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British Primary Schools

1st Day of British School

1st Day of British School

We have been asked by many friends what it is like for our children to attend British Schools, so I have decided to write two posts about it. First our experience with primary schools, second our experience with High School. After we have had more experience with Wauryn attending nursery school, I will post of that experience as well.

Starting January 2016 our four oldest children started attending Aslacton Primary School. Aslacton is a small country school. At the time we started, there were just over 60 students in the school in three classes. The classes were divided into Owl Class which consisted of reception, Year 1 & 2 (Berlynn-rec), Kestrel Class which consisted of Year 3 & 4 (Landyn-yr 3), and Eagle Class which consisted of 5 & 6 (Addy-yr 6 and Payton-yr 5). It has grown a little and now has four classes, divided a little differently but it is still very small and intimate, we love it!

Payton's Birthday Assembly

Payton’s Birthday Assembly

Things that make the school wonderful include great teacher to student ratio, outdoor learning, forest school, religious studies, unit study, individualized learning, and much more.

Outdoor Learning

Outdoor Learning

Outdoor Learning

Outdoor Learning

Mainly the younger classes use the outdoor learning area. There is a door from their classroom that opens onto the outdoor space. It is open during the children’s center learning, so they can choose where they want to learn, indoor or outdoor. This is a year round learning space–rain, sun or snow. Berlynn loves it here. (as does Wauryn when we drop Berlynn off/pick-up)

Unit Study-Architecture

Unit Study-Architecture

All the classes use a unit based study approach. We LOVE this. One term the boys’ unit was on WWII. This means their reading, writing, history, art, cooking and trips were all focused around WWII. They learned so much about WWII. What life was like here in Norfolk during the war, what types of planes were flown, and much more. But most importantly they learned to love history! Another example is in the picture above, Berlynn’s class studied architecture and city planning. During this unit they designed a village, but in order to do that they first went on walking trips of the small village the school is in to learn about different architecture, they learned about blueprints, city planning, permits, and much more. They then show-cased their design to the community.

Forrest School

Forest School (not the best picture of the forest, but all I have)

Forest School is where the children are encouraged to learn through nature. One example, is hey have learned about the different local birds and the sounds they make. They are encouraged to try and spot different birds are record them when they are out exploring. To facilitate forest school, the school has wooded areas throughout the grounds, there is even an area that has a small pond. Berlynn says, “I like forest school we find things for the fairy hut, mole hut and the heart one too. And there is bird food places, that is the best place to put bird food. It is so much fun exploring the forest!”

IMG_3701

Collective Worship-Leaver’s Assembly (at the C of E church just down the road from the school)

Religious studies is part of the national curriculum. The children have learned so many things about the major world religions and more about their own in the process. This is one of our favorite aspects of the children’s experience. In the states different religions and view points are taught, but usually not from a Christian view point and Christianity is left out of as much as possible. Here they teach all religions, even Christianity! Yeah! Aside from religious studies, they also have collective worship, a school prayer and a meal prayer (all prayers are non denominational, almost more like a poem). And no this is not a Church of England school. It is a what we would call a public school. Also at Christmas they say Merry (or Happy) Christmas, have Father Christmas visit and perform the Nativity. Love this!!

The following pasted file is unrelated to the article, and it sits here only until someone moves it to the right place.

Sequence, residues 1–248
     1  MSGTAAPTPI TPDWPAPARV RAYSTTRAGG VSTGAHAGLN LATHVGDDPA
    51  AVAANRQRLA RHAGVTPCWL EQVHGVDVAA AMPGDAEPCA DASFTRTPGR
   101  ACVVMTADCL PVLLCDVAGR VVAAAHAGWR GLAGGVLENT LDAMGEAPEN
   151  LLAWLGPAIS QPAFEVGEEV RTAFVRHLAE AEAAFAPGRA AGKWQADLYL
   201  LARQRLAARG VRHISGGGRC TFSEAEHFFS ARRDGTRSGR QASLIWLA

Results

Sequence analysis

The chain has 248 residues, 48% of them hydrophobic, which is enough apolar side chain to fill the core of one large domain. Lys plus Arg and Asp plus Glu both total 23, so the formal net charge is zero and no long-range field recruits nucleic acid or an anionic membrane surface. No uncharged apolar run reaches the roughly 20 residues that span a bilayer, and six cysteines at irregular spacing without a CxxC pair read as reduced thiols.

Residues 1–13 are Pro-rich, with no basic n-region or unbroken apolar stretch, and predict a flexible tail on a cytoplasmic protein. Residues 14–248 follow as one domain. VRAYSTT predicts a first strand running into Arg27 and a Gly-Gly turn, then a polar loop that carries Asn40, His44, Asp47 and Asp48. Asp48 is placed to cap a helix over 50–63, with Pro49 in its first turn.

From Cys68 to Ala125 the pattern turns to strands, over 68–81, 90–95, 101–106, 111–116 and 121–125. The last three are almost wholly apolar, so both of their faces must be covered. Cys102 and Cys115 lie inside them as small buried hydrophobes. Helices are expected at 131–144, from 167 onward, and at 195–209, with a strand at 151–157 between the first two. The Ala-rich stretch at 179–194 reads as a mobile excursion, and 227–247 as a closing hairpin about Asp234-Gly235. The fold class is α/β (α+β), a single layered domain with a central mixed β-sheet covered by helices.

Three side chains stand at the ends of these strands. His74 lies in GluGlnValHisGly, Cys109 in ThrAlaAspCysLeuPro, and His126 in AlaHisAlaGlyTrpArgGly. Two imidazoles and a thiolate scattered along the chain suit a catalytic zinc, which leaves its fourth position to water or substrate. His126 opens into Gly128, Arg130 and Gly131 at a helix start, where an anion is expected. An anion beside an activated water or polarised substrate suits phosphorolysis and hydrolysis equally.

Wise Man Landyn

Wise Man Landyn

Unlike most schools in the states, here the children are taught more on an individual level. Perhaps, it is simply the school they go to and not all British schools, but we love how if a child is succeeding in something they give them more challenging work, if they are struggling the teachers give them more individual attention. There is on average 3 teachers/assistants in each class which allows for this individual attention. Another aspect of the school we like is all the hands on learning. From cooking, to gardening, to maths the children learn through interaction.

For you Harry Potter fans out there, we discovered how the school is set up is not something out of J.K . Rowling’s imagination, it is very similar to how schools are set up here. The school is divided into different houses which consist of students of all ages. In our school, the houses gather to have what is called Children’s Voice where they do games, have questions, discuss current events and talk about how school is going.

Another thing found in both the books and in the schools are prefects. Our school has a few students who are chosen as prefects. The children must submit a letter stating why they would like to be a prefect and what influence they would have on the school while in this role. Last year Addy was a prefect and this year Payton is one. The job of a prefect is to be a good example, encourage good behavior, and help with the atmosphere of the school. They award points to different classes when they see good actions and deeds and many other things that help encourage the students to do well. We love seeing the leadership roles that our children are able to take part of in the school.

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